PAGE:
As the winter session of Parliament drew to a close Friday and the fate of the Bill to criminalise instant triple talaq hung in the balance, the matter of ring-fencing penal provisions in the Muslim Women (Protection of Rights on Marriage) Bill emerged as the central issue for some give-and-take before the next session to break the stalemate between the ruling BJP and the Opposition over the Bill.
After the session concluded, Ghulam Nabi Azad, Leader of Opposition in Rajya Sabha, offered to agree to the penal provisions in the Bill, provided it is insulated from outside interference and has a mechanism for subsistence allowance.
The proposed law, which makes talaq-e-biddat a “cognizable and non-bailable offence”, has provisions of “imprisonment for a term which may extend to three years and fine” for any Muslim man who divorces his wife by uttering talaq three times in quick succession. It also provides for subsistence allowance to Muslim women and custody of minor children as “may be determined by the magistrate”.
“We don’t have any problem with sending the person (who resort to instant triple talaq) to jail if such a step proves to be a deterrent. But to make it cognizable…” He indicated that the penal provision be reworked only to allow “the aggrieved party”, and not a “non-aggrieved party”, to lodge a complaint because this would rule out potential misuse of the law.
Objecting to current provisions in the Bill on criminalising talaq-e-biddat, senior lawyer and Congress Rajya Sabha member Abhishek Manu Singhvi suggested that the legislation stands to benefit if it has a provision that grants the aggrieved party a “clear right to withdraw criminal complaint and/or to settle/compound”.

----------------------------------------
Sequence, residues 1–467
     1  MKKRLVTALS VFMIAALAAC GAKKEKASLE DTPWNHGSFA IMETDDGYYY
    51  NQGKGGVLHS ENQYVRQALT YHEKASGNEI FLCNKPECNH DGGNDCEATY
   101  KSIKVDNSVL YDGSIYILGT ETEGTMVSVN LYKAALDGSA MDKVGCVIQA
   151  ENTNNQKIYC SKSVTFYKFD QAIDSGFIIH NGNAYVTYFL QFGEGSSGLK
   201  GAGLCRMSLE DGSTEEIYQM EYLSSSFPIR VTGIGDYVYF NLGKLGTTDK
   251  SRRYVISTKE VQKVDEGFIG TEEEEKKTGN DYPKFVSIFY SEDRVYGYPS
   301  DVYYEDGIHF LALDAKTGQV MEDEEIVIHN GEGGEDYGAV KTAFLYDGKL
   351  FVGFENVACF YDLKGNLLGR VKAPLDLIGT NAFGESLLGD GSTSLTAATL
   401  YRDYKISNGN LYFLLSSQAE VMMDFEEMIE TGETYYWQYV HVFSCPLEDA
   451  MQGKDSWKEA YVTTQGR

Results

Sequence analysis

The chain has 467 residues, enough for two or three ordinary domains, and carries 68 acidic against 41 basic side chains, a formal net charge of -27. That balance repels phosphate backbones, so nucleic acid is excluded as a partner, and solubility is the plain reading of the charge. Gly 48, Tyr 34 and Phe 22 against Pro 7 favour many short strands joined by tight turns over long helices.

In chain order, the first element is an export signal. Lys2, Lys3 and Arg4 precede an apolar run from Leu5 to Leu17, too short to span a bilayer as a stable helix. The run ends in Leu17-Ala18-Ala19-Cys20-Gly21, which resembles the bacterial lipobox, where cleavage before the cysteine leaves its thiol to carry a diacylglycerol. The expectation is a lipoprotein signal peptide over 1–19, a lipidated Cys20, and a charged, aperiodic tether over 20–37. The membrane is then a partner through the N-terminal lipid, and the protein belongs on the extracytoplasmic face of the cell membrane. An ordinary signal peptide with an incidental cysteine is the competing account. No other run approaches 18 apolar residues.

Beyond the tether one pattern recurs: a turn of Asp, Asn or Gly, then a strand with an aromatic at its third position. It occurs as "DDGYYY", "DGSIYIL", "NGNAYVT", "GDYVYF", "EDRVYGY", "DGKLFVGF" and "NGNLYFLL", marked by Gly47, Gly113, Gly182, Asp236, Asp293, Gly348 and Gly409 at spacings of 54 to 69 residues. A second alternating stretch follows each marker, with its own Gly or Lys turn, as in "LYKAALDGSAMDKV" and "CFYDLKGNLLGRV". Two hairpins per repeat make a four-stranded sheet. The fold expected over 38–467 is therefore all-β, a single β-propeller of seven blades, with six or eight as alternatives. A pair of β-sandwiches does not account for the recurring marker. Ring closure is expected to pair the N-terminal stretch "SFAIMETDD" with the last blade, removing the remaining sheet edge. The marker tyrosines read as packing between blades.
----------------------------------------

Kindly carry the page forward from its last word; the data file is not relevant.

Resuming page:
“The Congress rightly believes that criminalisation is highly inappropriate, unnecessary, and in fact achieves the opposite of that which is intended. There is no question of deal-making. We genuinely believe that had it been referred to a select committee, improvements would be brought about. These include, but are not limited, (a) to provision of specified subsistence allowance; (b) clear right to withdraw criminal complaint and/or to settle/compound them; (c) some element of wilfulness or mental element which appears to be missing currently. At the moment, the language allows you to accuse without a mens rea,” Singhvi told The Indian Express. He too said that another improvement in the Bill could be allowing the wife to be the only complainant in the matter so as to prevent misuse of the law.
These suggestions do not appear to take away the soul of the BJP’s political commitment to legislate penal provisions against the practice of instant triple talaq. It will require only a tweak in one of the clauses of the Bill. “The government is committed to protect the rights of Muslim women. We want everyone to come forward constructively to pass this legislation,” BJP Rajya Sabha member Bhupender Yadav said after the session ended.
The issue is going to surface again when the House takes up legislative business during the Budget session, starting January 29. While both sides agree with the Supreme Court ruling that set aside instant triple talaq as illegal, their political battle is over the content and political intention of the legislation.
Moreover, when the House meets again at the end of the month, the government and the Opposition will also spar over the motion to send the legislation to a select committee, on whether the motion of this session is still alive.
With the numbers in Rajya Sabha in its favour at the moment, the Opposition is confident to get the approval to send the legislation to the select committee if its current motion remains alive next session. With the government wary that the Opposition-dominated select committee could recommend dropping the criminalisation provision altogether, both sides may need to negotiate a settlement over clauses on criminalisation.